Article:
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funkybuddha 04-25-2009 12:25 AM

Want to build brew system for my lounge - Need Help!!
 
Hi Everyone,

Just came across this site while looking for different brew systems. Amazing. I've been a homebrewer for years, but have always used extracts. I own a small beer lounge in Boca Raton, Florida and am thinking about making the jump to brewing my own beers for the bar.

So far my lounge has very much been a labor of love and I am trying to keep my costs as low as possible. Could anyone point me in the right direction in building something. Not looking for anything too huge. Maybe even brewing 15 gallons at a time. I want it to look relatively decent, because it will be in view of customers.

Thanks in advance for any help and if any of you are in the South Florida area, come on in to my place (funky buddha lounge) for a pint or two on me!

Cheers!

Ryan

Flyin' Lion 04-25-2009 12:46 AM

Welcome to the boards. :mug:

While I don't have any specific advice to offer, might I suggest posting a thread in the introduction section stating that you are from Florida in the thread title? People tend to respond to others from their neck of the woods and you could possibly get a few local, experienced brewers to offer up some advice.

Good luck.

calpyro 04-25-2009 01:23 AM

Check these out: BrewSculptures | MoreBeer

ZooBrew 04-25-2009 01:46 AM

Probably the first question to 'prime the pump' would be: How much money can you invest in a 'micro system'? In any bussiness venture you have to 'run the numbers'.

1. How many of the 'product brews' do you suppose you could sell a day, week?

2. How much more could you charge for your 'product brews'?

3. How many hours a day, week could you devote to brewing your own 'product brews'.

Spread-sheet these questions and you will extrapolate what size system capacity for starters. Extract brewing would be exponentially more expensive the larger the system capacity.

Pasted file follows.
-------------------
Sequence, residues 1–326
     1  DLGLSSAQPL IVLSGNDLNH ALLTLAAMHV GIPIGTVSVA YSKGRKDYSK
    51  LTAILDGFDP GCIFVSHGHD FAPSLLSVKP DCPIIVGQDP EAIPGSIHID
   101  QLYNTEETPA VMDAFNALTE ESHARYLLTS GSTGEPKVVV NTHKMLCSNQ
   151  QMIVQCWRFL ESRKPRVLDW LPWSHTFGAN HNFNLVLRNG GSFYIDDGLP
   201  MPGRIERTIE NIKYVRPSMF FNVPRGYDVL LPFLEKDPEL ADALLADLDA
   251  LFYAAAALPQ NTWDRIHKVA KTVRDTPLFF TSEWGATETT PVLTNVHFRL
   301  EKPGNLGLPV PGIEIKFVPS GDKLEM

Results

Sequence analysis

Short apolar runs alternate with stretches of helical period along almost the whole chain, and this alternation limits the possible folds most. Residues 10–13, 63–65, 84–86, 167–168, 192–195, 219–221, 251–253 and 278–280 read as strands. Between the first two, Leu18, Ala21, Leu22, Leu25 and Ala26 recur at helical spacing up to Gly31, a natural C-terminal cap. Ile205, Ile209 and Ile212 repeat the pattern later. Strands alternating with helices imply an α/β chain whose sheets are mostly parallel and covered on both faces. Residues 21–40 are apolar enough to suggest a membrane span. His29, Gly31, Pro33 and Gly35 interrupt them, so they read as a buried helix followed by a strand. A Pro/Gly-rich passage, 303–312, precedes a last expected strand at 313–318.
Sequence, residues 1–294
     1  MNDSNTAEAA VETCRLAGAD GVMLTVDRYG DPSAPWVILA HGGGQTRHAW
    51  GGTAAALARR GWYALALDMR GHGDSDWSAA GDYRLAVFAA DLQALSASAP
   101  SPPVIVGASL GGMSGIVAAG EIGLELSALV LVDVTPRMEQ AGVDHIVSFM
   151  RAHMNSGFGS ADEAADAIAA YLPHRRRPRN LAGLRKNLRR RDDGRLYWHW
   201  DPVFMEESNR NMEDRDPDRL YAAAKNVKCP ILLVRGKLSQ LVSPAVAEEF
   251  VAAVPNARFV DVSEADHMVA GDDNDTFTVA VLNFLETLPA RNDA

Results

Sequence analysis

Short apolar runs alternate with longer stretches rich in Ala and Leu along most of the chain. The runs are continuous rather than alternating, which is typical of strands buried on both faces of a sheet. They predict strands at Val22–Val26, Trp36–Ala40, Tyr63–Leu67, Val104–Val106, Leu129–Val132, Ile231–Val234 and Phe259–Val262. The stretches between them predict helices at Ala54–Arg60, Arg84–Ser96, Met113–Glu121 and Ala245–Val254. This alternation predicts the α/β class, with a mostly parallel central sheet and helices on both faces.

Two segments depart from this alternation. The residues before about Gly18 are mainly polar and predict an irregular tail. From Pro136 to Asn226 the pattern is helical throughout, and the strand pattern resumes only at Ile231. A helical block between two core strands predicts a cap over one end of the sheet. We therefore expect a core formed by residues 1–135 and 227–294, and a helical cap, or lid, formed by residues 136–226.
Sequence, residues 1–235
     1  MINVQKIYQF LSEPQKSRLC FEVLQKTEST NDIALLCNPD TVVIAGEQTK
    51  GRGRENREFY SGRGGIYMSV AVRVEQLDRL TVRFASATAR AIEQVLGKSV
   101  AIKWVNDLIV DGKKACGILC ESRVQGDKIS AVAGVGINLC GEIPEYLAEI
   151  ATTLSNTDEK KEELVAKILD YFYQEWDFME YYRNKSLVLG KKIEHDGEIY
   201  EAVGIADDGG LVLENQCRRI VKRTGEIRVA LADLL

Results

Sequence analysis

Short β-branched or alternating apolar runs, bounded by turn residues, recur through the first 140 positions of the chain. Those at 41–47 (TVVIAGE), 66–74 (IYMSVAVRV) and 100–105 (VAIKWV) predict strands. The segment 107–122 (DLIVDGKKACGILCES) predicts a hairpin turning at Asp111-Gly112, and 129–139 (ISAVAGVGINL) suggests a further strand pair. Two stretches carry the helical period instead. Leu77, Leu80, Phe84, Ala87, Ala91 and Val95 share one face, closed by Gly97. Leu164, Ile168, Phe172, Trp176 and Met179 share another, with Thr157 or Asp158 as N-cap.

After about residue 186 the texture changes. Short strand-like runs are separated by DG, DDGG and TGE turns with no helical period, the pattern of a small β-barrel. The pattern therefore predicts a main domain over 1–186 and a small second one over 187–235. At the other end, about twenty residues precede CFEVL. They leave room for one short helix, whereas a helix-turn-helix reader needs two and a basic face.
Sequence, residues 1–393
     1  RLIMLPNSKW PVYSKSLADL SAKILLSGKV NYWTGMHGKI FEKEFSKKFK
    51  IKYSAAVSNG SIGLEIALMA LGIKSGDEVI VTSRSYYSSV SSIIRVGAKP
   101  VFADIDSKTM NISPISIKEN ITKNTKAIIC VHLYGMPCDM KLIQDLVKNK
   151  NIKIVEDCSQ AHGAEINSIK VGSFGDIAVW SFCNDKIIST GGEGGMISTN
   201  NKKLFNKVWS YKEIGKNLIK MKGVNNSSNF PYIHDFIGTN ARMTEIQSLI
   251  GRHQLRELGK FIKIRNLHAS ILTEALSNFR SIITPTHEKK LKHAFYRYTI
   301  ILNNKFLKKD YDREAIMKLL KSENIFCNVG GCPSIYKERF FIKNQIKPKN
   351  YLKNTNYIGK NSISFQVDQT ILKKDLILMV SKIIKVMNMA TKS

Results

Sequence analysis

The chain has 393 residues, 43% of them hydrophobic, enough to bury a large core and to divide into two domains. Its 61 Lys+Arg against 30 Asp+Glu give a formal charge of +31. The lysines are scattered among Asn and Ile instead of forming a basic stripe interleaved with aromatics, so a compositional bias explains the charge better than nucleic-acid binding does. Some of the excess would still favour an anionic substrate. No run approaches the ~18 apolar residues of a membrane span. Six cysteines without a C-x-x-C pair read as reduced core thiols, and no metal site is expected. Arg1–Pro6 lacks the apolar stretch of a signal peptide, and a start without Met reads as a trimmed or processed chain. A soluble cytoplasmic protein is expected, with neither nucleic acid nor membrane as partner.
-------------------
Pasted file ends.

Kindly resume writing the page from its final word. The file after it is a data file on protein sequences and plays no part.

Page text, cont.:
My experience in the 'bar-bizz' is that patrons won't care what quality they're drinking after a couple of 'units' (drinks-beer, wine, mixed, straight). Unless you have a sufficient and dedicated clientele of connoisseur beer aficionados, your venture might not be worth the time.

However, there might be mitigating factors that might redeem this idea; new and changing 'product brews' would draw patrons from other local establishments (when you 'seat' a patron, they usually will stay).

Some other notes: Assuming you keg 15 gals in 3-5gal soda kegs. That's 40 pint glasses until you have to go back and change kegs. Might work like some 'happy-hour' promo. 4 buck pints times 40= $160 per keg. Larger kegs....................

Then don't forget creating and maintaining a 'backlog' of conditioning brew. You would have to set up an area of rotating kegs at the ready point depending on how much 'product brew' you would need to keep interest.

Unless you want to keep your labor of love and periodically introduce a couple kegs, here and there, it might not be worth the time. And, in your state, is there a standard and license you must have to have a brewery on premises?

funkybuddha 04-25-2009 02:59 AM

Thanks Flyin' I will definitely post there as well.

Thank you calpyro, I will check that out!

Great question zoobrew. I was hoping to spend a less than 2000. Am I dreaming? Not sure how many of our beers we would sell. We are definitely a beer bar that is geared to the connisseur. We don't serve any macro beers at all. We have over 100 microbrew and craft beers. Most of our time is spent educating the consumer on good beer, but we do have our fair share of drinkers that appreciate a good belgian! That being said, we would be trying to brew really unique beers and staying away from traditional lagers or everyday ales. Although, we may brew a few of those as well.

funkybuddha 04-25-2009 03:03 AM

Just checked out the systems Calpyro. I think these are designed for outside use only. I can only assume it is because they are running from propane tanks.

calpyro 04-25-2009 03:34 AM

Quote:

Originally Posted by funkybuddha (Post 1283128)
Just checked out the systems Calpyro. I think these are designed for outside use only. I can only assume it is because they are running from propane tanks.

They all have big burners so they need lots of ventilation (not to mention steam). They have a natural gas upgrade: Flat BrewSculpture Gas System - Natural Gas | MoreBeer

kronik 05-05-2009 07:30 AM

You might want to go all electric.
STAINLESS STEEL SPECIALISTS T. L. inc.
or
Electric Brewery and automated solutions for home brewing

Sawdustguy 05-05-2009 12:48 PM

If you are looking to come up with something fast and proven I would go with a Brew-Magic system. I costs alot more than you intend to spend but many brew pubs use them as pilot breweries to test a recipe. It can be used with natural gas. It is semi-automated and there are alot of them out there. I am sure there are a few members here that have them. The only caveat is that it will set you back $5500. The url is: Brew-Magic by Sabco

IrregularPulse 05-05-2009 12:54 PM

You cna also look at The Pol's setup for going electric. Not going to look as professional to the public eye but is a very nice system.

I second the brewery license notion. Definitely want to check that out first.


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